The Ultimate Boon- Book #3

The moment I felt resolution, or like I had finally “made it” the way I envisioned as an eight-year-old writer, was when I embarked on the book that would later become my debut. Though the book is now known as the first in THE DERBY DAREDEVILS series, it did not originate that way.

Originally, I set out to write a chapter book series that dealt with queer themes. I knew I wanted a female protagonist who was working through a crush on another girl. I also knew I wanted to explore a close friendship under strain. Finally, because my sister was in the midst of transitioning, I knew I wanted a diverse cast that included a trans character. My first draft poured out of me, but that had been the case for Book 2, so I tried not to get too excited. I sent off the manuscript to Lauren and waited for a week or two, missing the characters all the while.

When Lauren got back to me a couple weeks later, it was clear that both of us thought we were working with something special. We embarked on revisions, this time with a clear direction before us, and readied ourselves to go out on submission. I had never been on submission. So many writers had told me that submission would be even worse than querying, but my experience was different. While I queried Book 1 and later Book 2, I felt horribly alone. But with this book, I knew my agent believed in it and loved it as much as I did.

It wasn’t too long before we received interest from publishers. Several wanted to age the characters up. Several wanted more roller derby in the narrative (originally it was only in the final scene). But I was thrilled with every bit of feedback we got. These were real editors! Saying kind things about my book and hoping to consider revised pages. I sent Lauren a letter shortly after we went on submission thanking her for making my dreams come true. At long last I felt like a real, professional writer.

Several months after we first went on submission, my phone rang in the afternoon while I was working on a new project. I wasn’t expecting any calls, and I approached my phone cautiously. Lauren’s name flashed over the screen. I answered the phone, ready to discuss our next move in the submission process. But when she asked if it was a good time to chat and I said yes, she said the words that changed my life forever:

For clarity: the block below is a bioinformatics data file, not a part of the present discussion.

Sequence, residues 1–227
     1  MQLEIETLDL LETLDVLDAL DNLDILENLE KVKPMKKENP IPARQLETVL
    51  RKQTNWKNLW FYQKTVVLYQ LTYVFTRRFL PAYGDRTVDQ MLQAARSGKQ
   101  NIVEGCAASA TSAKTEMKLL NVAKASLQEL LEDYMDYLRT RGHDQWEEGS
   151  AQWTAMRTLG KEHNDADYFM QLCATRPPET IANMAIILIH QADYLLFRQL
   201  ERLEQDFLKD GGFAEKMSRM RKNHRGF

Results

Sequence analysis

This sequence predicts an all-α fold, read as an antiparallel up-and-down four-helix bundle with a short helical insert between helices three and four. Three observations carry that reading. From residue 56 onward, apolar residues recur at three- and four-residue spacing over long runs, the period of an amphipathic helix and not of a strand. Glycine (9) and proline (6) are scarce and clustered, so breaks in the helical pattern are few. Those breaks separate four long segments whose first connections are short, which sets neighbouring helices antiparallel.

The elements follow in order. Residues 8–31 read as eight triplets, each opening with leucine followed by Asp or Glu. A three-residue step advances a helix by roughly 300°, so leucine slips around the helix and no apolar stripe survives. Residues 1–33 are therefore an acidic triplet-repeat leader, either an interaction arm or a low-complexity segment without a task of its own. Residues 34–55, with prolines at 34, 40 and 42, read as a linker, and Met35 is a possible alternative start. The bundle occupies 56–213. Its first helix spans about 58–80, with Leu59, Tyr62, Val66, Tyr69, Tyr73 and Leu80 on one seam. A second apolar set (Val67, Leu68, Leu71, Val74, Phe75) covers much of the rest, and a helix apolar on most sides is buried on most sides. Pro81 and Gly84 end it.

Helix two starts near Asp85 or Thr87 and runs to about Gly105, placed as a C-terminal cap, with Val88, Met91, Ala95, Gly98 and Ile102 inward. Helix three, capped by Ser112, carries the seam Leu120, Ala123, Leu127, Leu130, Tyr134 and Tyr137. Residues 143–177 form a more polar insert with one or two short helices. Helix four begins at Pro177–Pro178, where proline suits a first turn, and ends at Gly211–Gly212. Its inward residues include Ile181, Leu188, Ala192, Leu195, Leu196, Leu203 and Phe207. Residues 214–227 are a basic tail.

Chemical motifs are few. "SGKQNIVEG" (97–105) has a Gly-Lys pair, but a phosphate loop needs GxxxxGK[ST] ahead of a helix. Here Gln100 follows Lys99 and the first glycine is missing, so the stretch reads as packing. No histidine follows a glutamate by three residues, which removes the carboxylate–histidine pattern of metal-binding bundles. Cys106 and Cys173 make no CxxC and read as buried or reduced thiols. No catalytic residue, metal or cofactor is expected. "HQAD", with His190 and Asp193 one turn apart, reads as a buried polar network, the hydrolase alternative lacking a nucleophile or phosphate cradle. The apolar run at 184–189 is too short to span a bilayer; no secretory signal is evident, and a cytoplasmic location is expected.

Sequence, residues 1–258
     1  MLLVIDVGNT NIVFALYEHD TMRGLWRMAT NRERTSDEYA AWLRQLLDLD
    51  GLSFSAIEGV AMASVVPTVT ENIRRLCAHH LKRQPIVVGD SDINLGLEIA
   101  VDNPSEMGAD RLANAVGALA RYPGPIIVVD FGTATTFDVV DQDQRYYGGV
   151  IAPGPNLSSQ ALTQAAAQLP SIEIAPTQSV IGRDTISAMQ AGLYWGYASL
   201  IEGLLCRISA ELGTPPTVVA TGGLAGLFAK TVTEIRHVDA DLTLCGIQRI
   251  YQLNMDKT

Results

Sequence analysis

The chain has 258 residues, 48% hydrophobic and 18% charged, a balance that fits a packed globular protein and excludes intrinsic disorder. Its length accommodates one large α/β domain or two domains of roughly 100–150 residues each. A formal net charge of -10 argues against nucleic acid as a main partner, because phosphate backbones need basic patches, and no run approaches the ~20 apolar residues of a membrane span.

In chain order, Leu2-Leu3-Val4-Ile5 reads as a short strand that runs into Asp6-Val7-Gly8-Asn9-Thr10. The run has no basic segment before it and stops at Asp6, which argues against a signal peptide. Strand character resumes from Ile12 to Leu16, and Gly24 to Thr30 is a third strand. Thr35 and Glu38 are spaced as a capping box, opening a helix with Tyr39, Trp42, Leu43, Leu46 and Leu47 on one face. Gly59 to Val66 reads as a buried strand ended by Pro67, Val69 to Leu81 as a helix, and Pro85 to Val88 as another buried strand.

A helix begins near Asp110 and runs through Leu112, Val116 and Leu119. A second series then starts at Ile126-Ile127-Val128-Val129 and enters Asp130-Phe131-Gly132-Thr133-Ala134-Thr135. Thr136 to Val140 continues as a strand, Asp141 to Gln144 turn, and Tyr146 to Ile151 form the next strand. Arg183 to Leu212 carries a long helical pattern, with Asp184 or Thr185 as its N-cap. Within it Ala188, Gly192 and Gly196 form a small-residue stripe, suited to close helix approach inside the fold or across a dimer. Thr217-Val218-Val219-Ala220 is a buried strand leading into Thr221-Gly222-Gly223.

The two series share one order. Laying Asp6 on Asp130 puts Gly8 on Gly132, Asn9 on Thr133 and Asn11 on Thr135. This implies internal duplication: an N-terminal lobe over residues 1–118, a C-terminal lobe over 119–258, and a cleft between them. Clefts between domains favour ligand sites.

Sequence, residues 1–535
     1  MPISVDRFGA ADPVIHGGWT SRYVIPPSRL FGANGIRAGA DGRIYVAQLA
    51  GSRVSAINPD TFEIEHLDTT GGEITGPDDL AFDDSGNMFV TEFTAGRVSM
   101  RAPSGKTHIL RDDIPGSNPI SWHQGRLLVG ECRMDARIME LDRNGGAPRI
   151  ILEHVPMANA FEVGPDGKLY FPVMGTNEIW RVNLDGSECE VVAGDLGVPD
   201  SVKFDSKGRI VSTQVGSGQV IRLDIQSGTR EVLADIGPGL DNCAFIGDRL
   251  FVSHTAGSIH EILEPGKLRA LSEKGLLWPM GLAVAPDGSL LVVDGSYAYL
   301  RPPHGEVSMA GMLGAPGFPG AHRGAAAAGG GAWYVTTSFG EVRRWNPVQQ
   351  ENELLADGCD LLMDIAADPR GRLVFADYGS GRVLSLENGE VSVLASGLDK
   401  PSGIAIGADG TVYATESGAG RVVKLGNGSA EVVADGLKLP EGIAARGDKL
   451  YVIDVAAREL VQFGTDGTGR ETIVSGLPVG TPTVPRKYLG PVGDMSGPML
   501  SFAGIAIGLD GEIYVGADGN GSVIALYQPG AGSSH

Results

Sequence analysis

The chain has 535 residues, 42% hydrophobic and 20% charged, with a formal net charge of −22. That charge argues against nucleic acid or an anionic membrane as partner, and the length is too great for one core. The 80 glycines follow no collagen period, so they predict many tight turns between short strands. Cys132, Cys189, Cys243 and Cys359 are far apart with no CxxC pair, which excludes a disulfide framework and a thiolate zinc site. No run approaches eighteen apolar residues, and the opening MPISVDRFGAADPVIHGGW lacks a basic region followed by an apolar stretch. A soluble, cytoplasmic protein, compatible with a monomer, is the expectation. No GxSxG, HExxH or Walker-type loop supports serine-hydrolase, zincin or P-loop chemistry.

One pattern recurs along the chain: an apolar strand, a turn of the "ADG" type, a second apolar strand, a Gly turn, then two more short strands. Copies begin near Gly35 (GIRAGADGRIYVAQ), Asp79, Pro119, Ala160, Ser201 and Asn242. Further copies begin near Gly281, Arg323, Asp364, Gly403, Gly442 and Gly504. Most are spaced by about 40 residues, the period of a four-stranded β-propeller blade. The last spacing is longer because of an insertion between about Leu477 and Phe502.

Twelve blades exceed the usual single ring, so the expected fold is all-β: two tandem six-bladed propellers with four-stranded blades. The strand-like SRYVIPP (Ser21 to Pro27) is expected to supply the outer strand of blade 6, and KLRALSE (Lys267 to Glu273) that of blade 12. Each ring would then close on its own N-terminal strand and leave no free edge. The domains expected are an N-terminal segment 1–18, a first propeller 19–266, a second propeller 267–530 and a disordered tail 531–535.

“You’re going to be a published author.”

Returning Home

According to Campbell’s The Hero with a Thousand Faces, by the story’s end, the hero must return with “the power to restore boons on his fellow man.” I don’t think the writer’s journey ever really ends. There will always be new hurdles to face, new mountains to climb or holes to slip down. But I do believe in passing out as many boons as I can along the way. Throughout the early stages of my journey, I relished reading the “How I Got my Agent” and “How I Got my Book Deal” posts, and always knew I wanted to add to that canon someday. But the truth, unknown to me at the time, was that the stories I really loved reading, the “How I—s” I cheered most for, were the underdog writers who met countless obstacles along the way, who didn’t give up, who persevered.

My best “boon” for other writers is this suggestion: Don’t be afraid to be a complex and interesting hero in your own narrative. Overnight success stories make flashy headlines, but aren’t always what they seem. And even when they are, these aren’t stories about better writers, just fortunate ones. Every setback or challenge you face in your path to publication is a chance to strengthen your resolve. Each rejection adds to your backstory. Every “no” hardens your knight’s armor.

Be the hero you want your readers to root for.

And above all else, don’t give up. Your journey isn’t over.